WASHINGTON (Reuters) - JetBlue Airways (JBLU.O) has no plans to get involved in airline merger activity, preferring instead to grow on its own, the company’s chief executive said.
Responding to Southwest Airlines Co’s (LUV.N) plan to buy AirTran Holdings AAI.N, JetBlue CEO Dave Barger said the company growth strategy “has proven to be the right path forward” and would “not be distracted” from its goals.
“Overall, (Southwest) does not change our plans to grow organically, and to focus on growing (Boston) and the Caribbean,” Barger said in a memo to employees that was obtained by Reuters.
“We could easily double our size overnight, but at what cost to our balance sheet, our culture and brand? We’ve worked too hard for those assets,” Barger said.
JetBlue is expanding in Boston and the Caribbean to compete more with bigger rivals, including Southwest, Delta Air Lines (DAL.N) and American Airlines, a unit of AMR Corp AMR.N.
The $1.4 billion Southwest-AirTran deal, the first among healthy major carriers in the low-cost flights business, lifted JetBlue shares sharply on Monday, mainly on speculation that it may view more favorably the prospect of consolidation.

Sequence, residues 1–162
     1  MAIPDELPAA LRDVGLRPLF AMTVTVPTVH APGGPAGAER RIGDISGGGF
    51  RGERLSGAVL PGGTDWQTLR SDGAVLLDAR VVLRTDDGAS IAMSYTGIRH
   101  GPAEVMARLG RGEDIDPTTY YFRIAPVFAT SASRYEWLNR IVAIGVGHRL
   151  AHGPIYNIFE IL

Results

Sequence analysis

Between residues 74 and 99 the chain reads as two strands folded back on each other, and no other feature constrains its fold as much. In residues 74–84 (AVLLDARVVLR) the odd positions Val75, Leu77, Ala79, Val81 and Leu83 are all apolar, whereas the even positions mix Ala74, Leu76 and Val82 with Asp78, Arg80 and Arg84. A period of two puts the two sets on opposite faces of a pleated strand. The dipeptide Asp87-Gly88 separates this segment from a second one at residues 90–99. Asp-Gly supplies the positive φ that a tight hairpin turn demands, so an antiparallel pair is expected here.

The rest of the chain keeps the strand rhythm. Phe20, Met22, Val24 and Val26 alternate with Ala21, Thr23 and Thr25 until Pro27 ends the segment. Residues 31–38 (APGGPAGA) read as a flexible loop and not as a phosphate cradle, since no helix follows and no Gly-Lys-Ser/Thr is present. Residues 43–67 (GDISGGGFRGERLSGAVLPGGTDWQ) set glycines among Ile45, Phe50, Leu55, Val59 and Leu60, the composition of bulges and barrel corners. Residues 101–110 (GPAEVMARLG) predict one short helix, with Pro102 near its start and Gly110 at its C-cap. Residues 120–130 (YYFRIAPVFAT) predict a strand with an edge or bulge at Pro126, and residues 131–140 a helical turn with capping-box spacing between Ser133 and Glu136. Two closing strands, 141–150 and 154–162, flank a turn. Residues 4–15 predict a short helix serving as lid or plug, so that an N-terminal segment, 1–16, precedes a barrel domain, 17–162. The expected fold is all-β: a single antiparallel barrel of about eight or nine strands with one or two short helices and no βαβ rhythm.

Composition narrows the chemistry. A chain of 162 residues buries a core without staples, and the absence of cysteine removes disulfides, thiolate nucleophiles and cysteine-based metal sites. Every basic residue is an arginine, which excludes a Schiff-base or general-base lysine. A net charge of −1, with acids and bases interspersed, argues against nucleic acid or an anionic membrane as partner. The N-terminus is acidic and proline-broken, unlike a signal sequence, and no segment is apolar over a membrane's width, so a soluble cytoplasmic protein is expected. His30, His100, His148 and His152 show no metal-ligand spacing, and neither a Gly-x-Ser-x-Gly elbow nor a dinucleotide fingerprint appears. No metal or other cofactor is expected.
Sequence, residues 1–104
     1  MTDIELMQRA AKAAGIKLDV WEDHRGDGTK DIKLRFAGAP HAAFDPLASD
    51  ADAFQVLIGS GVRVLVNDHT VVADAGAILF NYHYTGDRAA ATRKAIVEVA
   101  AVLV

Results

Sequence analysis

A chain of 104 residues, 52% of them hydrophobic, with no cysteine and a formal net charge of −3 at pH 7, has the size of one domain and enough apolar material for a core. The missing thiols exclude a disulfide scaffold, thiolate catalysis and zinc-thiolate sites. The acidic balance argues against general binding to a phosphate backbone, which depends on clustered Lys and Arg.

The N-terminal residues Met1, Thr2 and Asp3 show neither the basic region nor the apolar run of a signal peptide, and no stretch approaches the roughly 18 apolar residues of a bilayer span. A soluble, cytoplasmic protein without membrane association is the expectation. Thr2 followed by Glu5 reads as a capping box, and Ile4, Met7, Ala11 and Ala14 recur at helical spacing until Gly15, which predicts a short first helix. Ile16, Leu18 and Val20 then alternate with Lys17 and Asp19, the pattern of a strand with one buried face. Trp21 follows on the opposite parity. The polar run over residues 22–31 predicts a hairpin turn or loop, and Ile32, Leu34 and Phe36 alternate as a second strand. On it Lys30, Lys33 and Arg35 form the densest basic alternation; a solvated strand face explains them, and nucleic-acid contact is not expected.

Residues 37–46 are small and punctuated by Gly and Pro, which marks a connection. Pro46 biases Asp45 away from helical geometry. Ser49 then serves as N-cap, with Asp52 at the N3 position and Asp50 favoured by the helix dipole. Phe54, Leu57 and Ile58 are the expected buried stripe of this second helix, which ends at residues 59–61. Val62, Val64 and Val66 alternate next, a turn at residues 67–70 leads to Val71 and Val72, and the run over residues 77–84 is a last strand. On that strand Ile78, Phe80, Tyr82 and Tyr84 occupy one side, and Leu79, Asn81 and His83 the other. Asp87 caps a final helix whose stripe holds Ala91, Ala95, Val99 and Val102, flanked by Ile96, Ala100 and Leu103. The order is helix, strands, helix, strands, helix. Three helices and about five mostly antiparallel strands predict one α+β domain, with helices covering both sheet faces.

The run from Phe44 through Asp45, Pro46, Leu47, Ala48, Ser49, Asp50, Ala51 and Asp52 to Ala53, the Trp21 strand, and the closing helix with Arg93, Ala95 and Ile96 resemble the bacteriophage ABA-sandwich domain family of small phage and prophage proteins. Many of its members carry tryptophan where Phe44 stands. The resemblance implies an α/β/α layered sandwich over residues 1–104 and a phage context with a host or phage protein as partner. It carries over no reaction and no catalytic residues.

Analysts said its strong presence in New York would make it a key player in any new merger activity. JetBlue is based at New York’s John F. Kennedy International Airport.
JetBlue shares rose 2 percent on Tuesday to lead the sector.
Analysts are also optimistic about the company’s expansion plans and expect a jump in earnings per share through 2011.
Barger said airlines that grow through mergers “may be bigger,” but they’re “also distracted by their own integration issues and they usually take their eye off the customer.”
“This gives us another opportunity to win by playing our game even better” and competing “on our own terms,” he said.
Reporting by John Crawley. Editing by Robert MacMillan